Blue Poles didn’t just come out of the blue – or the bottle – for Jackson Pollock, contrary to the ‘creation myths’ that grew up when the NGA paid the then jaw-dropping sum of US$2.1 million for the work. It was at least five years in gestation.
Like several other Jackson Pollock paintings now in or approaching their 70s, Blue Poles has been given a facelift aka as conservation and restoration in recent months. Taking the opportunity of the closure of the National Gallery of Australia to the public in mid-2020 due to Covid hazards, the NGA’s Senior Conservator, David Wise, spent several weeks working on the 10-square-metre work bought for A$1.3 million nearly 50 years ago. When the gallery could re-open some of the work was carried out in front of visitors.
Wise was quoted in June, 2020 as saying:
“Using different light sources has revealed more layers to the painting and we’ve learned that what was once thought to have been painted in one moment was done over a much longer time period.”
There are several precursors to Blue Poles in Pollock’s work of the 1940s and early 1950s. It was the culmination of a deliberate process of experimentation in the making of impasto paintings from industrial, auto duco and house paints, some enamel, some water based, some oil based.
Blue Poles comes from a lineage dating back at least to Number 5,1948, which sold for a reputed US$140 million in 2006. The same seller sold Number 17a (1948) for$US200 million in 2015, the highest price yet paid for a Pollock. The purchaser, a hedge fund manager, bought a de Kooning at the same time for US$300 million.
By Number 25, 1950 Pollock was working with the same colours using drip, dribble, fling and splatter techniques on a horizontal rectangular canvas. Sometimes he poured the paint directly from the tin on to the canvas to create the increasingly heavy impasto of the paintings. And threw in cigarette butts, nails, shards of glass to beef it up.
In 1952, after working mostly in black and white, Pollock returned to the structure and colours of these earlier paintings. Convergence Number 10, 1952 looks like a non-identical twin of Blue Poles Number 11. 1952.
Shown alongside Blue Poles and other paintings, Convergence was the only one to sell from Pollock’s first solo exhibition at the Sidney Janis Gallery, in November 1952 – to Nelson Rockefeller. It was selected for the 1956 XXVIII Venice Biennale as part of American Artists Paint the City. The catalogue entry said ‘Beneath the drip and tangle, the spot and dribble of a painting like Convergence .. .one senses the multi-colored rythmns of present dayAmerica.’ But the curator, Katharine Kuh also remarked on ‘Pollock’s lack of compositional focus.’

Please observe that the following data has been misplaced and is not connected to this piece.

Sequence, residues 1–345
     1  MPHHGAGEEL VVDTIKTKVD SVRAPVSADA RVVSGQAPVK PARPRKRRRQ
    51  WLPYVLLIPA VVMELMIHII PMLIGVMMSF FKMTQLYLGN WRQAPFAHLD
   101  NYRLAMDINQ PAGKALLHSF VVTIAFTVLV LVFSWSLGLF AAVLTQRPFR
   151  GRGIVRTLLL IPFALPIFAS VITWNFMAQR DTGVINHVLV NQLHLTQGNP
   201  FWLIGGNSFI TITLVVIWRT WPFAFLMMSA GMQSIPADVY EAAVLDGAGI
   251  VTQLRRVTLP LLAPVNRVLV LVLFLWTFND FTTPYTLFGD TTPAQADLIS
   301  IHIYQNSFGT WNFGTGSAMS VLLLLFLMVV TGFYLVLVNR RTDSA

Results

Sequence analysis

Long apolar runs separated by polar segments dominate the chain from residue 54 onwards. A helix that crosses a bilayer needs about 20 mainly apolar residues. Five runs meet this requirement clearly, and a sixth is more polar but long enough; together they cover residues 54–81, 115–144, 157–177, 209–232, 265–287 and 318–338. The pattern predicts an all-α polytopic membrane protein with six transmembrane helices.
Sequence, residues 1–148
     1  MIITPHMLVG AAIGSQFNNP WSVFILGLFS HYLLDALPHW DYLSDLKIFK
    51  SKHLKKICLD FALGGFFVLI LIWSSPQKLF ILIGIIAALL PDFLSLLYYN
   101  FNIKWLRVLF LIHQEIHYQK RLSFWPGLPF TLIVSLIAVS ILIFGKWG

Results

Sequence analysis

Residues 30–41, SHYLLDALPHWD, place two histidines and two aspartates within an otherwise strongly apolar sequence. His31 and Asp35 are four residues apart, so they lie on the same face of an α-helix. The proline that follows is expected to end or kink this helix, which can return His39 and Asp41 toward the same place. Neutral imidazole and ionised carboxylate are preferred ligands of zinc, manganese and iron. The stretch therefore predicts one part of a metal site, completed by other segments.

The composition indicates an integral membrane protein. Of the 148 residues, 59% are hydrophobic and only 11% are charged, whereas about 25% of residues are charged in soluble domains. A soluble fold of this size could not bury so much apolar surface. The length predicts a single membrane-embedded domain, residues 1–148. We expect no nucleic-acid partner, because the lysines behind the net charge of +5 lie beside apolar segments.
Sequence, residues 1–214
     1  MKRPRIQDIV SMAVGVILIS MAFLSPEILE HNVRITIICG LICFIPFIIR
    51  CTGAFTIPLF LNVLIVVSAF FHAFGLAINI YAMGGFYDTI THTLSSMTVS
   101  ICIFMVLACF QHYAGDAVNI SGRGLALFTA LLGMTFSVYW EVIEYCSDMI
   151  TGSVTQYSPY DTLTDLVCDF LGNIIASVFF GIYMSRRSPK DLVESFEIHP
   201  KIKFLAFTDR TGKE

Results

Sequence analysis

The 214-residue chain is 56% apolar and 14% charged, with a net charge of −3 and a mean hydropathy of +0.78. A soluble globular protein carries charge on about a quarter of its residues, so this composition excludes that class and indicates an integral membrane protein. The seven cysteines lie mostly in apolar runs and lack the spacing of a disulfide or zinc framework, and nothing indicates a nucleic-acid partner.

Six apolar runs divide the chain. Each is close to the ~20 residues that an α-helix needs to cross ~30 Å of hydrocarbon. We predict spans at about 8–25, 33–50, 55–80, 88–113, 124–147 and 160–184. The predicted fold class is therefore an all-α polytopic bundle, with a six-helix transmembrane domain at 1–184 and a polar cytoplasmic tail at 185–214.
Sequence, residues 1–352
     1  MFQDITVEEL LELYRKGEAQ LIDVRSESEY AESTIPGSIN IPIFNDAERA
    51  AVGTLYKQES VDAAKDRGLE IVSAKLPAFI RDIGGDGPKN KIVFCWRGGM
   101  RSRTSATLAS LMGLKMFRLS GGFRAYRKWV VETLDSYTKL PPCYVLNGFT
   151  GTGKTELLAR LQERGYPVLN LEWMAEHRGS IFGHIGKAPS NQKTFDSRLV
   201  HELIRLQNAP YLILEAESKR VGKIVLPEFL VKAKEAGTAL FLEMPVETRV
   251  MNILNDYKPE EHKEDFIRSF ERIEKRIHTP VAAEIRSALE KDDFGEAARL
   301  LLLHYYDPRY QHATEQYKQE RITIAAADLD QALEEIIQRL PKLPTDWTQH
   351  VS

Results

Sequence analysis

Pollock died in a one-car crash along with one of his passengers in August 1956, in the middle of the XXIIIth Biennale. But the comment would not have come as a surprise to him. Immediately after Convergence, Number 10, 1952 he painted Blue Poles, Number 11,1952 – the poles emphatically resolve the composition that had been more than five years in gestation.
Along with the evidence of the paintings themselves, there are contemporaneous photos and film footage about Pollock’s development and reflection on his techniques. Hans Namuth and Rudy Burckhardt photographed and filmed him demonstrating and explaining his methods in one of his prime years, 1950. These are staged images but the point is that Pollock was interested in staging them – and explaining his technique, emphasising that it was a considered and evolving, rather than purely spontaneous, modus operandi.
In his late 30s, in temporary remission temporary from his alcoholism, Pollock is filmed dancing along four or five metres of canvas with a physical fluidity that is both athletic but often balletic. His outstretched arm holds a variety of implements to drip or dribble or throw or splatter or pour in rhythmical movements to create images that not surprisingly have been found by recent scientific investigation often to be fractal in pattern.
And what he is flinging at the canvas is important to his evolving concepts and execution. All of which revolved around the fluidity and viscosity of the industrial, car and house paints that he was flinging. There have been recent studies on what would have been Pollock’s growing empirical understanding of coiling of the paint as it flew from hand to canvas. The flying was important as the paint was aereated. An academic industry is emerging as new techniques have become available to help conservationist and scientists reverse engineer what Pollock was finding his way towards in the five years up to Blue Poles.
So Pollock was working with the instability of the paint and other materials rather than trying to stabilise it as the conventional easel artist might. As he says in the Namuth film, ‘I like to use a dripping fluid paint. I can control the flow of the paint. It is no accident.’
Conservators and restorers have worked on several major Pollock paintings in the past decade, starting with Mural, 1943. There are challenges in working on a large expanse of impasto, especially one made with oil based and water paints that don’t necessarily bond well, age differently, and indeed might flake. And then there’s the problem of distinguishing from what Pollock dripped and what he dribbled or splattered. When the Museum of Congemporary Art of Los Angeles worked on Number 1, 1948 it was put to the Conservator Chris Stavroudis ‘But you might cause a drip in the wrong place,’ he replied: “That’s why I am a conservator.”
The NGA has yet to tell us what it learned from the conservation work of mid-2020 or what restoration it needed to do. But apparently there wasn’t sufficient degradation to cause depreciation of the estimated value of the work which is now put $430 million. It is not clear why the estimated market price has risen $80 million over the past year. Not that it’s for sale of course.